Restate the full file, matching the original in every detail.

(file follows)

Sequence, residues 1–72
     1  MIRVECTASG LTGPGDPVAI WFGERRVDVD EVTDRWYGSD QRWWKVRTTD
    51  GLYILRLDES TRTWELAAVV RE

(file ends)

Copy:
Sequence, residues 1–72
     1  MIRVECTASG LTGPGDPVAI WFGERRVDVD EVTDRWYGSD QRWWKVRTTD
    51  GLYILRLDES TRTWELAAVV RE